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One of the highlights of Tigertail’s fall season, The Way You Look (at me) Tonight comes to the Miami stage this weekend. It runs Friday and Saturday, October 14-15 at the Miami Dade County Auditorium’s On.Stage Black Box.
A collaboration between self-described disabled choreographer and performer Claire Cunningham and choreographer and performer Jess Curtis, The Way You Look (at me) Tonight promises an immersive experience that takes us deep inside the experience of being human. It is a duet between two articulate performers—one whose physicality requires the use of crutches—and is fed by the creative efforts of philosopher of perception, Dr. Alva Noë and others. Accessibility is a primary theme, and performances will be enhanced for audiences with physical or sensory impairments.
At the heart of this piece is the way we see and are seen. It asks whether we are empowering or disempowering each other in the process.
We spoke recently with both Cunningham and Curtis, to learn about their creative process and the ideas that feed their work.
Can you each tell me what the other person brings to your collaboration?
Cunningham: I think Jess has an ability to open a space for people to be very honest about what is going on, and create a very safe space for everybody to be vulnerable in. It’s beautiful in the process, but also on stage I can push myself a little bit more as a performer and maker. I know I’m with someone who can catch me and catch anything that happens.
Curtis: Claire’s an amazing writer. Her insight into the human experience—and her ability to put that in language—is so beautiful. There’s text at the end of the show that I’ll not spoil… but it makes me cry a good third of the time. Claire is so articulate and has such a keen eye trained by the lived experience of being disabled. That brings a perspective that I as a non-disabled person really have never thought about.
Perception seems to be at the core of this piece. Would you agree?
Curtis: I’ve been very interested the phenomenology of perception, which is a big word that just means how perception happens—how we perform our perceptions -- “enactive” perception. Which is the idea that our sense organs don’t exist in a vacuum. Our eyes don’t do anything useful until they’re in a head that turns and moves and looks around and a body that can change positions in a room. So our ability to perceive the world is very much shaped by our bodies and also the skills that we then accrue about how we use the body to produce sensation.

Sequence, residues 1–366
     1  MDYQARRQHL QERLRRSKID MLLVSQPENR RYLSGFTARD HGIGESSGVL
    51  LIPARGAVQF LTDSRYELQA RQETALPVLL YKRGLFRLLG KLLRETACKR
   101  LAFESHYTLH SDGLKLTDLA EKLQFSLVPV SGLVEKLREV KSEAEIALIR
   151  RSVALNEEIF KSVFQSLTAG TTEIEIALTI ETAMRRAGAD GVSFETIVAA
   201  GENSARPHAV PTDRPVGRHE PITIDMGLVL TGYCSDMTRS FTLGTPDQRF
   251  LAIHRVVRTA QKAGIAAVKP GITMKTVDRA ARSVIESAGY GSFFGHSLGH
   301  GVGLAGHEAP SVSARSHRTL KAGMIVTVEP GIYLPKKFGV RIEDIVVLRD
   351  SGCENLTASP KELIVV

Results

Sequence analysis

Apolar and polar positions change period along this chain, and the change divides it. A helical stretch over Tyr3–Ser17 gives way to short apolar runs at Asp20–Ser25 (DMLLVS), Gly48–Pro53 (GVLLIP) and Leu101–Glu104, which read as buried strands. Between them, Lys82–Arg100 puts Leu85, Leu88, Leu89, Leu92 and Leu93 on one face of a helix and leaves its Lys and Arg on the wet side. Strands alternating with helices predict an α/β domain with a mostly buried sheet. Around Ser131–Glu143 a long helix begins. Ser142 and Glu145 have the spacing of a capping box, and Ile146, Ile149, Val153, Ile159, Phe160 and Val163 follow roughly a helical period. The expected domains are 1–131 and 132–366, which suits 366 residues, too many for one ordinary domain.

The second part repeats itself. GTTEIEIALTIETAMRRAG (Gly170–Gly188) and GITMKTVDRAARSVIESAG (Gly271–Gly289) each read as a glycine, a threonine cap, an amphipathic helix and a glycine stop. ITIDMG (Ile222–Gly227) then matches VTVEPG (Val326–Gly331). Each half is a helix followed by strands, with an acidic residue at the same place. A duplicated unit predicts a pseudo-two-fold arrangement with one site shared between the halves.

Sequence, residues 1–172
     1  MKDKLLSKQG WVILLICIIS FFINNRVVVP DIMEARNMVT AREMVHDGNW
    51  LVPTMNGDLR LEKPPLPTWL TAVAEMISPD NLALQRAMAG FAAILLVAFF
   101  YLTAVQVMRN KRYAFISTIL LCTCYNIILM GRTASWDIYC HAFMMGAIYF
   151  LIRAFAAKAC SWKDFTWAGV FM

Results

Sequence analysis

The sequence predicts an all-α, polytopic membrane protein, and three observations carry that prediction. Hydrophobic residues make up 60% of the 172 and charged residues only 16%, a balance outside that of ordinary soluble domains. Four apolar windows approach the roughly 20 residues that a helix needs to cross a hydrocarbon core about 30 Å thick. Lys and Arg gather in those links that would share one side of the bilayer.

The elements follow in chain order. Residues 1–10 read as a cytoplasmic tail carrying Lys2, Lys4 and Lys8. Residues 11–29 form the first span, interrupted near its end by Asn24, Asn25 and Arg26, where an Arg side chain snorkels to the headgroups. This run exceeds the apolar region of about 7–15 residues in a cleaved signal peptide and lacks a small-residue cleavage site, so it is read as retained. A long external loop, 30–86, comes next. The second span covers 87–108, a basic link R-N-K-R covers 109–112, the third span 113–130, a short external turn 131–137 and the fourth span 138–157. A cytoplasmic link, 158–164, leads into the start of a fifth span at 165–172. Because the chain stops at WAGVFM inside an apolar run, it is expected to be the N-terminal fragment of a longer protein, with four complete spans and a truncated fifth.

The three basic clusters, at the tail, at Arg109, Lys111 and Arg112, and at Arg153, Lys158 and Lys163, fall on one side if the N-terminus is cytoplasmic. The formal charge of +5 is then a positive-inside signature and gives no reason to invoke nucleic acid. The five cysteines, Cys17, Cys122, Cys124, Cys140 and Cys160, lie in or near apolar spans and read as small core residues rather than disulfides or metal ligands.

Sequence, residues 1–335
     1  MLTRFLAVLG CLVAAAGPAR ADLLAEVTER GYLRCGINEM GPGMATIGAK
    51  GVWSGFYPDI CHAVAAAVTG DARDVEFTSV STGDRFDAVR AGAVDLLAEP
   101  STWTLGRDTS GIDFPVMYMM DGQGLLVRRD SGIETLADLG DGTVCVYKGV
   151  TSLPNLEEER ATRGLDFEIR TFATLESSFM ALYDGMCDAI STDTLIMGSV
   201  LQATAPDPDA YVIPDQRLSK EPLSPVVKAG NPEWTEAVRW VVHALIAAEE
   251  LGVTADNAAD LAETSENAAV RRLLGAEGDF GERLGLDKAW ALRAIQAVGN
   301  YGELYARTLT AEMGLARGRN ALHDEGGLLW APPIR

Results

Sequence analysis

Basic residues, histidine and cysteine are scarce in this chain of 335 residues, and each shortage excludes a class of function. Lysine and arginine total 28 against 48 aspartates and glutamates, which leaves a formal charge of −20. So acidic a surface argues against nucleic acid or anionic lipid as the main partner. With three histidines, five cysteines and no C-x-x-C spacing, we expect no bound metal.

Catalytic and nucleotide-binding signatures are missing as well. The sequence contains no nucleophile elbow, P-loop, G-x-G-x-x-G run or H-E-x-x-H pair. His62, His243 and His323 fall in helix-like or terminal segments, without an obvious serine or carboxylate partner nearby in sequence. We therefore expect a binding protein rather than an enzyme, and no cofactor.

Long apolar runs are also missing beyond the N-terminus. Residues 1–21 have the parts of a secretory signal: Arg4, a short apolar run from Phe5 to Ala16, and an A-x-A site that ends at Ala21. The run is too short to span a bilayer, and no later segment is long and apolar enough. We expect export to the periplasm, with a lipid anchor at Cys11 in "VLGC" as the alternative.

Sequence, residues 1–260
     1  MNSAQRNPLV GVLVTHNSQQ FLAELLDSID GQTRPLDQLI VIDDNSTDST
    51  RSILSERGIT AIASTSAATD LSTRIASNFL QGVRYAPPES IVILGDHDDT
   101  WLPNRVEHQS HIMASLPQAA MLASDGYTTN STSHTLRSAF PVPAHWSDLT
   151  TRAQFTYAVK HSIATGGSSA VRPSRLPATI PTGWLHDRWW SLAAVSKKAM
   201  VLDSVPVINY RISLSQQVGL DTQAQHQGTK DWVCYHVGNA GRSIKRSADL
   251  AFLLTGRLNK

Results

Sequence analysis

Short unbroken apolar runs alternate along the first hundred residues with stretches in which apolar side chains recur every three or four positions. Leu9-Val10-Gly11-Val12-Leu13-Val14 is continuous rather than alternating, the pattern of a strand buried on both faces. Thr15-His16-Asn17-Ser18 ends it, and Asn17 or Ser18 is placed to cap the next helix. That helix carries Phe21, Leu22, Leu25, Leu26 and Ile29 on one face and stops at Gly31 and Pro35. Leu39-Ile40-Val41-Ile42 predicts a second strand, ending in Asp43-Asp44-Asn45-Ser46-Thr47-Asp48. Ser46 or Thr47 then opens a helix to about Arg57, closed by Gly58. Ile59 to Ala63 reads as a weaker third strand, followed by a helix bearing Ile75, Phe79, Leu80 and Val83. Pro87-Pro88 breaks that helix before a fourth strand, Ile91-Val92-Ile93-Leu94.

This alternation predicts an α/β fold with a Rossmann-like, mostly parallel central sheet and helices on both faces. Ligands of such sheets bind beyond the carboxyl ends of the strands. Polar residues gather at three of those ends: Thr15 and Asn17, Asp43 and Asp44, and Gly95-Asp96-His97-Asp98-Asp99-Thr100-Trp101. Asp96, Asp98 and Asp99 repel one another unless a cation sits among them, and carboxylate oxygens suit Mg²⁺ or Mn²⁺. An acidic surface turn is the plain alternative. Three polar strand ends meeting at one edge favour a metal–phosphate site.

[To Cunningham]: does your experience with disability shape your ideas of perception?
Cunningham: I will notice different things in the world, because of being disabled. I will notice the ground more. The lived experience of disability requires a very creative life. You have to be problem-solving all the time. The world hasn’t been built for your body to negotiate properly, whether that’s sensorially or physically. And so it often requires a lot of extra work and attention. In some ways I think it’s quite a gift as an artist. Because you are being offered this different way of encountering the world.
Do you consider multiple types of disabilities in this piece?
Curtis: It’s interesting because some of this came from Claire’s practice working in the United Kingdom. There, almost every major theater will have some performances interpreted in sign language. Many shows have audio description headsets available for visually impaired patrons. In the U.K. there’s even a practice now called “relaxed performances” which are for neurologically diverse folks. In Claire’s last piece she prioritized having an audio-descriptive track and sign language interpretation or captioning. Going into this project, Claire was very clear that she wanted that. For me it also made sense in terms of the themes that we’re talking about: perception and how it works.
Will these kinds of alternate communications be available to the entire audience or just those that need it?
Cunningham: There’s definitely a degree to which we’ve tried to embed these sensory accommodations within the work. In the U.K. we term this the “aesthetics of access.” So certain sections of the work are captioned, and that’s something that everyone is experiencing. And within the sound score itself are descriptions of what we are doing. There are other moments where we provide additional support such as the audio description headsets that people can wear who have a visual impairment. And also, having a sign language interpreter on certain nights adds another level of access for deaf audiences.
Curtis: And there are things that we do that no one can see. Like you can’t see how something feels to me. And using this idea of the audio description about my sensory experience, we give that access to everyone on a deeper or different level. We are interested in this relationship between different kinds of languaging and are really aware that language is always interpreting. So there is a danger there, and there’s also a huge potential for poetry.
The Way You Look (at me) Tonight, by Claire Cunningham and Jess Curtis, Friday and Saturday at 8:30 p.m., Miami-Dade County Auditorium On.Stage Black Box, 2901 W. Flagler St., Miami; $25 general admission, $20 students, $50 VIP.
|Free Workshop with Jess and Claire, Wednesday, 7-9:00 p.m., Excello Dance Space, 8700 S.W. 129th Terr., Miami; 305-298-5879. To request materials in accessible format, sign language interpreters, and/or any disability accommodation, please contact Tigertail at 305 324 4337, firstname.lastname@example.org. TTY users may also call 711 (Florida Relay Service). ASL interpretation will be available during the Saturday performance.|
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